The United Nations defines sustainable production as “the use of services and related products, which respond to basic needs and bring a better quality of life while minimizing the use of natural resources and toxic materials as well as the emissions of waste and pollutants over the life cycle of the service or product so as not to jeopardize the needs of future generations”.
As manufacturing is on the cusp of a great comeback in Australia, what better time to assess your environmental impact and move towards sustainable production than when the eyes of the country are on you and the nation’s budget is at your disposal. This is, of course, far easier to say than to do and it raises many big questions, including:
- Where do I start?
- How can I make these changes without negatively impacting the business?
- What support is there for a business like mine trying to change?
As we mentioned, these are big questions and just a few of the many but we will do our best to provide some clarity on this small sample in the hope that it can help you get started on your sustainable journey.
Where do I start?
When considering environmental impact and policy in manufacturing many of us think about materials, bi-products, and waste but it is also important to think about the software behind the business and this is often the first place we should look.
Opportunity, savings, and cross-organisational efficiencies can be some of the key potential benefits of implementing new manufacturing software and they are a great way to start the journey towards sustainable production. As outlined in our recent blog post, ‘What is the IoT’, maintaining your systems more efficiently and therefore saving you considerable unnecessary downtime – both planned and unplanned –results in operating at a much more efficient level, is one small example of how manufacturing software can help you work towards sustainability.
Other steps that businesses can take on their path to sustainability can be found in the administration of the business. For example, moving to paperless work environments with tools such as Epicor DocStar which allows businesses, such as The Casino Food Co-op to find internal efficiencies whilst lowering their carbon footprint.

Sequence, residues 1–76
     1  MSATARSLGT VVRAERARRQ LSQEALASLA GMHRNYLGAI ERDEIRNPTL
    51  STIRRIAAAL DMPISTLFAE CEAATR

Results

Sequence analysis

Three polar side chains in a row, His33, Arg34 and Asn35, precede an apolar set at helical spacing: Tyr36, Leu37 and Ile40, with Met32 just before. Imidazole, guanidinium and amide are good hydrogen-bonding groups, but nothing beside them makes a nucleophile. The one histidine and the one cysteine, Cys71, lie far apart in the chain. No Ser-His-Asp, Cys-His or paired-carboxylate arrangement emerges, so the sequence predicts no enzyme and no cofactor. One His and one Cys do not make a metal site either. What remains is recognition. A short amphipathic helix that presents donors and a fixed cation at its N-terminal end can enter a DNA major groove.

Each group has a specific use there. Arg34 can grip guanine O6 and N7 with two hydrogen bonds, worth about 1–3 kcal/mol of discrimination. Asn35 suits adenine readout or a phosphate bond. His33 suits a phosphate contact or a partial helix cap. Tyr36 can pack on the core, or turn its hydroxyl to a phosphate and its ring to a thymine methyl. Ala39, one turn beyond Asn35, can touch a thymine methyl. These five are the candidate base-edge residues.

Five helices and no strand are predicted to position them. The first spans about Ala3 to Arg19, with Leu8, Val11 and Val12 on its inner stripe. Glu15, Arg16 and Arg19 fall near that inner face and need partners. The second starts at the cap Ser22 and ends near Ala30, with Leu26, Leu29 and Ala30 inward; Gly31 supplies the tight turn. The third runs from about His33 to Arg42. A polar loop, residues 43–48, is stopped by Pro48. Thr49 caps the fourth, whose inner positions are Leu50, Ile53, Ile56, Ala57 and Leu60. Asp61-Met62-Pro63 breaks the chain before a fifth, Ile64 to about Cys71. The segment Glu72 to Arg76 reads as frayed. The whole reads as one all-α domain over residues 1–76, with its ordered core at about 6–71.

How can I move to sustainable production without negatively impacting the business?
This question is not uncommon, and it is a theme we often hear related to moving to more sustainable production. Ultimately, we all know that change is coming and whilst we may be wary of it we must embrace it or risk being left behind.
Like anything in business, you can plan for these changes and by acting sooner rather than later you can maintain control to ensure that the resulting impact is positive rather than a potential negative. Those businesses who do prepare will find themselves ahead of the pack with a considerable competitive advantage.
It is also important to look at what is happening in the rest of the world. The European Union, Japan and the United States are reportedly planning on implementing ‘carbon tariffs’ on imports and if this list expands to more of our trading partners then many Australian manufacturing businesses could find themselves with thinner margins on exports if they aren’t prepared, but those leading the way may find themselves with more market access than those who drag the chain.
With anything that implies changes, the most important thing is to research, plan and communicate these plans both internally and externally with your teams, clients, suppliers, industry partners and governmental organisations.
What support is there for a business like mine trying to change?
When working towards a major change like moving towards sustainable manufacturing it is important to know what resources and support exist to guide you along the journey. As you may have guessed, there is no shortage of information and support regarding this topic. This presents another challenge, how to find the right information.
Here are a few resources which can help you get started or at least might give you some inspiration:
- Government departments and organisations like The Clean Energy Regulator
- Business.gov.au provides a guide for becoming more environmentally friendly
- Partners and third-party suppliers such as Biscit who can help you understand the opportunities available to you via software solutions and how they can help you on the road to more sustainable production.
There will be many more and probably some which are relevant specifically to your organisation or local area.
There is no denying that shifting towards sustainable production is challenging but if seen as an opportunity and planned for it can be an incredibly positive future proofing change for any manufacturing business. With internal commitment, the right partners, quantifiable goals, and objectives there is no reason that sustainable production needs to be different to any other project within your organisation.
Photo credit: Petr Magera on Unsplash